The Big Man Restless

Saturday, September 18, 2004
I have volunteered to attend an NHS Expert Patients programme. This is set up for people with chronic health conditions as a way to help them manage their lives better. For some reason it always slips my mind when faced with collections of "the public" how stupid a lot of them are. The first task to flummux some was arriving - the programme kicked off at 2pm and some wandered in at 3.30 . The second was name badge writing. A sheet of address labels was circulated with which to write our names on and to stick them to our clothing. "Which side do I write on?" asked the first idiot. Another tried to write his name in the space where someone had already moved a sticker and spent a frustrating (for him, amusing for me) few minutes trying to peel his "badge" off.

I didn't learn much, it only re-inforced my misanthropy, but at least it got me out of bloody work for a Friday afternoon - and for the next 5 to come.

Sunday, September 12, 2004
Anyone who can recall my early blogs will know how I hate buses, especially the crappy service provided by the 225 in South-East London. However yesterday I was forced onto the damn things as I wanted to go to the record fair at Olympia and the District and Circle lines were shut because of engineering works.

Travelling in London by bus is actually one of the best ways to get to know the city. My geographical knowledge of it is rather limited. I can tell you where most of the record shops are, but have little idea of how close Reckless in Islington is to Reckless in Camden Town. So, through no choice of my own it has to be said, I decided to spend all of Saturday travelling by bus.

There is so much I never knew about - some of it awful. As the number 9 approached Knightsbridge station I saw in huge letters the words to turn any aesthete's stomach. No not Timothy Spall (who's face makes me feel ill) but Burberry. There was a huge Burberry superstore. In Knightsbridge of all places. Of course I did not go in, I did not want to risk the nauseau, but I found the outside most peculiar. Instead of pictures of chavs there were the usual windswept models one would find on any respectable store, half-wearng clothes that I would never associate with the revolting brand. Needless to say I did not notice any windows (though I may have still been reeling from the shock of the existence of this disgusting place), one could not actually see into the shop. I feel a weird compulsion to go back there (albeit prepared) - and write up a more thorough investigation - watch this space.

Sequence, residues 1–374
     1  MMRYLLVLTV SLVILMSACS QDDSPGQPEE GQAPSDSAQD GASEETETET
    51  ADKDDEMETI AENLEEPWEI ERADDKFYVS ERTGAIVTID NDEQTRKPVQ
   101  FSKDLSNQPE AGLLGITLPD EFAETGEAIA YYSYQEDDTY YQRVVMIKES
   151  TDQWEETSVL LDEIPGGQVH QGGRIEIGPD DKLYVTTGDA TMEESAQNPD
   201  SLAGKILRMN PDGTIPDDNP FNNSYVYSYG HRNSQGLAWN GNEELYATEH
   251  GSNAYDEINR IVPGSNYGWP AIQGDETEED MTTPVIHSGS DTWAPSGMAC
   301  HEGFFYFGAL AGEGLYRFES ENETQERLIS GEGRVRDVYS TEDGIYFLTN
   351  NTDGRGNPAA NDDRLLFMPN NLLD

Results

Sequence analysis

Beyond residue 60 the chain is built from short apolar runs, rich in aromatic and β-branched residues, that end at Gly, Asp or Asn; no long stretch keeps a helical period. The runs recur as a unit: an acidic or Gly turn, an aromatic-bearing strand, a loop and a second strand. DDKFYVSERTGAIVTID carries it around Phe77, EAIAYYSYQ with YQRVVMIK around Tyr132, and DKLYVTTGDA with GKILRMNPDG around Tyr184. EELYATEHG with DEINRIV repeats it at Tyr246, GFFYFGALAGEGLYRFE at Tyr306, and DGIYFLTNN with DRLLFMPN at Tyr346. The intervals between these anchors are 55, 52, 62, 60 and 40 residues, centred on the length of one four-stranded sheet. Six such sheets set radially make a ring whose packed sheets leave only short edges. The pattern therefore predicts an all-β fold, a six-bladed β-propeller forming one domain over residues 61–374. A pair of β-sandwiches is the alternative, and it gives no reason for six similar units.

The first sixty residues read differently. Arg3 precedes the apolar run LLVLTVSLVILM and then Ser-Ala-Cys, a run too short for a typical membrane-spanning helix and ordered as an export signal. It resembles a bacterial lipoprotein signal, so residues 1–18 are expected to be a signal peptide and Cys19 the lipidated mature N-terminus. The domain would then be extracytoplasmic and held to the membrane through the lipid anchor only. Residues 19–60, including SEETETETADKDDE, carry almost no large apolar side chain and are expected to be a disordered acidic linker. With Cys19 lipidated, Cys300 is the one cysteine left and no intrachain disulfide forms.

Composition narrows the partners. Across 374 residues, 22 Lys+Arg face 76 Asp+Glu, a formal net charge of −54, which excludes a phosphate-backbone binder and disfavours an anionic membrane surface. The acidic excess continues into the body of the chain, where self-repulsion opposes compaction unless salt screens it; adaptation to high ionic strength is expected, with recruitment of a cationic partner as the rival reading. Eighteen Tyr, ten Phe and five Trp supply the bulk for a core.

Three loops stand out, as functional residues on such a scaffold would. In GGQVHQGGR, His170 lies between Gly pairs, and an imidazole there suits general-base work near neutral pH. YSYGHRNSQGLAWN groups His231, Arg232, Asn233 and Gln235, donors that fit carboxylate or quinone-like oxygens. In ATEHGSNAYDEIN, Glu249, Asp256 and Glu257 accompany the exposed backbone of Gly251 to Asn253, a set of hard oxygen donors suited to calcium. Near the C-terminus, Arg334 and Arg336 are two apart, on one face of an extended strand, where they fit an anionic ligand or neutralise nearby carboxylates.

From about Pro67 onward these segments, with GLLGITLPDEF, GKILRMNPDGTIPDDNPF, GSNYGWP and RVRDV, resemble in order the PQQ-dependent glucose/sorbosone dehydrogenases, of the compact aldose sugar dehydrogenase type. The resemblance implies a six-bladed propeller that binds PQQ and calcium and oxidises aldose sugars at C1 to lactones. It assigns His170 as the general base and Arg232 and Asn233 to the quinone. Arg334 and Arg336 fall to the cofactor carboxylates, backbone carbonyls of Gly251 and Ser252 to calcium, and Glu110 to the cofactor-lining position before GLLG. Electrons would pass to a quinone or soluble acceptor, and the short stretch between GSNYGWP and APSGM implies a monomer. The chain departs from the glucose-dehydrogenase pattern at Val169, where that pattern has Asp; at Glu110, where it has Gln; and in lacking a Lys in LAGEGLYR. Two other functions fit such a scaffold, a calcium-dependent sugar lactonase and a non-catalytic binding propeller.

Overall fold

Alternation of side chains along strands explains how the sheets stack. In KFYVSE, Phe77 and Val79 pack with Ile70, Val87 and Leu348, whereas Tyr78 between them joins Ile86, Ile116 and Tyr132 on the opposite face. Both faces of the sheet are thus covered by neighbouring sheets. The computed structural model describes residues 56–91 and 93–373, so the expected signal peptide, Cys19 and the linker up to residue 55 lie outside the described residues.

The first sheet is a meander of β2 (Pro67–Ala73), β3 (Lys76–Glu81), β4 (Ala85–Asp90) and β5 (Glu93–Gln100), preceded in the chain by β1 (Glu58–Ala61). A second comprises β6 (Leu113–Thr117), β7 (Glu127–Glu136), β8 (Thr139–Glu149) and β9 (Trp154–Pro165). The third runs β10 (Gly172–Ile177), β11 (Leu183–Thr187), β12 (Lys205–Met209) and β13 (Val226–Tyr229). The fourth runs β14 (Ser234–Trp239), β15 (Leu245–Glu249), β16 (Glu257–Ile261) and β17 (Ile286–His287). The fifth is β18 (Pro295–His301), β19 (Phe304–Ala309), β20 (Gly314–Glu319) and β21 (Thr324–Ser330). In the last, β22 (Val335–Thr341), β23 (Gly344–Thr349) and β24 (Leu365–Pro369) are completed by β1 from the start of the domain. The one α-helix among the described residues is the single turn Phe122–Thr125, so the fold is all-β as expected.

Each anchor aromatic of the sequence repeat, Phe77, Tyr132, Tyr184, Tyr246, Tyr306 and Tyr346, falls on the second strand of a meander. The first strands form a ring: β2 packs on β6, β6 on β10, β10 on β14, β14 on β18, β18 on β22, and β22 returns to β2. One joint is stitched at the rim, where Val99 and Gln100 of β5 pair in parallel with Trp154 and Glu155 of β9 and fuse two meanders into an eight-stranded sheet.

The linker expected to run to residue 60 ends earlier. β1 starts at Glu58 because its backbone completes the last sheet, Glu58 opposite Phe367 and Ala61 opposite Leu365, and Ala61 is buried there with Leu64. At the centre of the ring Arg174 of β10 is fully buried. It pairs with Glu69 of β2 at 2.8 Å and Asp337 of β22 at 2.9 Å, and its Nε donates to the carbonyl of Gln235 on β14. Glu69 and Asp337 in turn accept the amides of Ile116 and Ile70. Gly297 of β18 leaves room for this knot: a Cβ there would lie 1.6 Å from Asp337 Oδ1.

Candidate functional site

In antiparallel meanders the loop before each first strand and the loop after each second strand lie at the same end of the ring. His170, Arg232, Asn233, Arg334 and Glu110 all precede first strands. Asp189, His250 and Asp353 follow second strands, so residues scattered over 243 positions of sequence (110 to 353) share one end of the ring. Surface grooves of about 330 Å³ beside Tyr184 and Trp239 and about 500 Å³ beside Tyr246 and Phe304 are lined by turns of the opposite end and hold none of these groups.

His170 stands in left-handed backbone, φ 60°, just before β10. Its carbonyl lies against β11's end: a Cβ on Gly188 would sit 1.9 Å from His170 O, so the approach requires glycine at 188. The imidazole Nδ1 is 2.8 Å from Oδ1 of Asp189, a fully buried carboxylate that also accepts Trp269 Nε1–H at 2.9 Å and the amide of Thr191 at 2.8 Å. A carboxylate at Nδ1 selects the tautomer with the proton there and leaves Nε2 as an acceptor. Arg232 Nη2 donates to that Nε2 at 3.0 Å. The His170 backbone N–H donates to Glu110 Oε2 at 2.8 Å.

The fair itself was lacklustre, although I was pleased the woman with the £5 Beatles bootlegs was back. I wish I'd known who had chosen the awful music music that was on a loop in there. There is a strange phenomenon with music in shops. Away from the megastores of course and into the dark side of the second hand shops one could be forgiven for thinking the most popular band in Britain are The Fall followed by Captain Beefheart. Now I don't mind either of them in small doses, but a life without melody must be a very odd life indeed. I wonder if these people secretly harbour tuneful music at home yet only bring into work things that will (a)impress their colleagues and (b) annoy their casual customers?